This week the US Geological Survey (USGS) reported that the Wolfcamp shale holds 20 billion bbl of technically recoverable oil. That is just one of the huge formations within the Permian Basin where nearly half the drilling rigs in the US are now reportedly working.
Image Source: Texas Historical Commission
Wolfcamp shale is the source rock for many old conventional fields which holds an estimated
- 20 billion bbl oil
- 12 Tcf of gas
- 1.5 billon bbl of natural gas liquids
The above totals are the mean of a range (from F95 to F5) as shown below. F95 represents a 95% chance of at least the amount tabulated.
- Oil: 11,430 to 31,468 MM bbl
- Gas: 7,887 to 27,310 Bcf
- Gas liquids: 698 to 2,926 MM bbl
These are estimates of what is technically recoverable without considering if they could be profitably produced.
The USGS will cover the rest of the Permian over the next year with assessments of the Spraberry and Delaware basins.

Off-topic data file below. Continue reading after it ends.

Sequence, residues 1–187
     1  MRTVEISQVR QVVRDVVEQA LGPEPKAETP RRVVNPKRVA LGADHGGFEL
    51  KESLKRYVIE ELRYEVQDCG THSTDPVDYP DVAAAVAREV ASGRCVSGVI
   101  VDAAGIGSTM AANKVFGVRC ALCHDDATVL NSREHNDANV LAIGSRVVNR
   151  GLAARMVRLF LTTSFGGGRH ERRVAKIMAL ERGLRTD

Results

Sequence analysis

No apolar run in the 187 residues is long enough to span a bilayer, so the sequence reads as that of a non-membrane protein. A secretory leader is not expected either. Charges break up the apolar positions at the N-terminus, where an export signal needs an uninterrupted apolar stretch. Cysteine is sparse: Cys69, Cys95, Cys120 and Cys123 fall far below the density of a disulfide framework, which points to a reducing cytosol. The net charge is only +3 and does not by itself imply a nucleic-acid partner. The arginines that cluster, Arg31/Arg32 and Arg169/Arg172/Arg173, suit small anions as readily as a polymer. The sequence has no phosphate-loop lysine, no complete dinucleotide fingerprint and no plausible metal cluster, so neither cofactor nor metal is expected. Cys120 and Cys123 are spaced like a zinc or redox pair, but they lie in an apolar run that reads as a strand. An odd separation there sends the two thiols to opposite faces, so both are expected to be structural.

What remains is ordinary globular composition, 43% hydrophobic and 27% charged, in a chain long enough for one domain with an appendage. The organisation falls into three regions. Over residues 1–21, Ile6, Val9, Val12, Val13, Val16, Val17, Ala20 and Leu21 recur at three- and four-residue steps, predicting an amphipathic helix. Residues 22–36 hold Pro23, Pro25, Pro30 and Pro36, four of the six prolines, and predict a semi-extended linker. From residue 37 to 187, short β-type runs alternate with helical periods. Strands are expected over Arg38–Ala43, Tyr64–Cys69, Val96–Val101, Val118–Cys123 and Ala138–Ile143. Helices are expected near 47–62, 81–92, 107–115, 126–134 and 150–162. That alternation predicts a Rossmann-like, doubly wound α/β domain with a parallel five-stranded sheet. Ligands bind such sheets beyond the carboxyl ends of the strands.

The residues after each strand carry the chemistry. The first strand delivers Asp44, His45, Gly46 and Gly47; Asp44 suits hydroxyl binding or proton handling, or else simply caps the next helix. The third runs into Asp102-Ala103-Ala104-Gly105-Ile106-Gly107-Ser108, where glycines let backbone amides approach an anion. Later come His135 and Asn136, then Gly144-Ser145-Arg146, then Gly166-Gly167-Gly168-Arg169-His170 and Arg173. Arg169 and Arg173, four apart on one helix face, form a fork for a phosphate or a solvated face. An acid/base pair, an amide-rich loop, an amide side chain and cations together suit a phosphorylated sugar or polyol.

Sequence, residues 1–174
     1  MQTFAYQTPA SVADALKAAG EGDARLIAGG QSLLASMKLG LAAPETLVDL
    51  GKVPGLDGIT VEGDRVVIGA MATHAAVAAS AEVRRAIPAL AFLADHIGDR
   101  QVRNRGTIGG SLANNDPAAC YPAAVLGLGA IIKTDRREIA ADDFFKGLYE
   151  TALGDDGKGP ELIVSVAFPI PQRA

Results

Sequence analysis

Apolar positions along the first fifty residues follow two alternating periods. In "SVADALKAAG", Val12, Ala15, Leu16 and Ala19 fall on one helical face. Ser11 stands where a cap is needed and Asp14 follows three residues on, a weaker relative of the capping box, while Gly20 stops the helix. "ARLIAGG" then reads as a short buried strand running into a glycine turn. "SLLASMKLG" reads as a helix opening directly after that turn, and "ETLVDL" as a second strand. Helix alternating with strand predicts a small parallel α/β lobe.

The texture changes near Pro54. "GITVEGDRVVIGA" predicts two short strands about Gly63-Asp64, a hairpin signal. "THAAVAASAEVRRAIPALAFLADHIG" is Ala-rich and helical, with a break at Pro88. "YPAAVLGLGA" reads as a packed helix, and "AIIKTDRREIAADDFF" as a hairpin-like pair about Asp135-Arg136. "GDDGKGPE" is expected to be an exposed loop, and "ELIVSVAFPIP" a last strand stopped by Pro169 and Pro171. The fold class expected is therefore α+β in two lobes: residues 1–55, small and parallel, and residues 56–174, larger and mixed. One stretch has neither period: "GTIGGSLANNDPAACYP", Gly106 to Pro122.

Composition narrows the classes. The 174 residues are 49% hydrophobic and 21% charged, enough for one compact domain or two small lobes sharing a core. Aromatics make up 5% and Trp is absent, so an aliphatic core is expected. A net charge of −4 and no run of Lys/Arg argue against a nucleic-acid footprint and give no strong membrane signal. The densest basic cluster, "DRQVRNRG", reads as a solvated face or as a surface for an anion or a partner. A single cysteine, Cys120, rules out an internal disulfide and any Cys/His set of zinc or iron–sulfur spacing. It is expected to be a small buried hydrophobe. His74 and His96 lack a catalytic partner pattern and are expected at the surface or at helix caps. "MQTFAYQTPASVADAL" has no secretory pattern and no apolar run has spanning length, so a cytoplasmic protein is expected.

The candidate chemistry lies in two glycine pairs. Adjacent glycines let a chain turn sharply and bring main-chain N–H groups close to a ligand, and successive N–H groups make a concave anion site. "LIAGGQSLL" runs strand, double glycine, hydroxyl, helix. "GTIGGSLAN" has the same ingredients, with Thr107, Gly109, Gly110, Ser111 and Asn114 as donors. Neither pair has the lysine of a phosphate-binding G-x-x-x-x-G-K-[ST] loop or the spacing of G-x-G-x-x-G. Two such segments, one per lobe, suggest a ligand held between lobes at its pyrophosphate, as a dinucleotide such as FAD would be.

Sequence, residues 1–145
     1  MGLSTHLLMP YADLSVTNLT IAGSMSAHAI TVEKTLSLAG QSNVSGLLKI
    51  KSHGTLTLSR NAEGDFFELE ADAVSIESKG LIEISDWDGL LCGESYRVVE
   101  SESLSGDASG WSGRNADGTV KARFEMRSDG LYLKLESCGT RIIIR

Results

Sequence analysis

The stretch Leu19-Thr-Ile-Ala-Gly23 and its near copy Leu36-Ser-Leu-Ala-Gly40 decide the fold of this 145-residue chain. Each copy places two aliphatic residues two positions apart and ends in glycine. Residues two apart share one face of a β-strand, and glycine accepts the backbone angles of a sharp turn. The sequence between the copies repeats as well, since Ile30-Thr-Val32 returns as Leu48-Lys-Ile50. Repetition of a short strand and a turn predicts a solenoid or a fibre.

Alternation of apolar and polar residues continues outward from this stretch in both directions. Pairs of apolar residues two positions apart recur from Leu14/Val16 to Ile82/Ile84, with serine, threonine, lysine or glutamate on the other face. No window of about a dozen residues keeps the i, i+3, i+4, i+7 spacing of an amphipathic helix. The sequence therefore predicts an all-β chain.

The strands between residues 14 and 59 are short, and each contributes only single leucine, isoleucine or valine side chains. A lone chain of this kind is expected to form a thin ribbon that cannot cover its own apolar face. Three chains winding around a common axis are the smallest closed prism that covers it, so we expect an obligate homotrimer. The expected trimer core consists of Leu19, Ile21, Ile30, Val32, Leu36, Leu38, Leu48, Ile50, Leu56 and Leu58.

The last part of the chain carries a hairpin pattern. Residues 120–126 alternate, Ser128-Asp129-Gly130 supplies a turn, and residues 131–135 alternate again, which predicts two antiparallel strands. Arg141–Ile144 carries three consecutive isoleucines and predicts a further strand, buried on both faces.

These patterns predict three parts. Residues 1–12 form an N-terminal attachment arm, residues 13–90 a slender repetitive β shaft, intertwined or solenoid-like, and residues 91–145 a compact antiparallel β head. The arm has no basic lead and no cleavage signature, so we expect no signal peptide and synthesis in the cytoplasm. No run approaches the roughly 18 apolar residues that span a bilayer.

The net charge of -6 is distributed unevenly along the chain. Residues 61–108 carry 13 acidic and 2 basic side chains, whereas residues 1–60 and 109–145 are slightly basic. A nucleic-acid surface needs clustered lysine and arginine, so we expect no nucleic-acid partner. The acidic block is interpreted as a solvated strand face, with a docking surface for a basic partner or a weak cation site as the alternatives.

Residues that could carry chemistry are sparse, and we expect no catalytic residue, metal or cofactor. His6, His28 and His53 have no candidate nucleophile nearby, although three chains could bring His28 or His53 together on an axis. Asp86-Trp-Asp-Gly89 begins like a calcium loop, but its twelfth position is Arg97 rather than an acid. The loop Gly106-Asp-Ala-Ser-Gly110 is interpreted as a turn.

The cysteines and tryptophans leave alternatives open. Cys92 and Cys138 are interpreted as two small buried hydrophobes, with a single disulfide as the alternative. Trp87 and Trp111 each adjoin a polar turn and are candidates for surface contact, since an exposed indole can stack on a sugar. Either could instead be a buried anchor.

Estimated technically recoverable oil by unit (mean)
| ||MMBBL||BCF|| MMBBL|
|Wolfcamp A||5,815 ||4,652 ||465|
|Wolfcamp B Upper ||5,829 ||4,663 ||466|
|Wolfcamp B Lower||1,430||1,144 ||114|
|Wolfcamp C ||1,433||1,146||115|
|Wolfcamp D ||4,920 ||3,936||394|
|Wolfcamp Northern|| 521 || 417 ||42|
The Permian difference
The Wolfcamp assessment helps explain why so many drilling rigs area working in the Permian Basin. The number nearly equals activity in the rest of the US according to a recent report by the US Energy Information Administration. The Permian total of 218 exceeds every other country in the Baker Hughes International rig count. Canada is second with 176 and Saudi Arabia has 126 rigs working.
Drilling really matters
Drilling has shrunk in other shale plays as investments have migrated to the Permian where the cost of producing oil is lower. Production in the other plays has fallen as a result.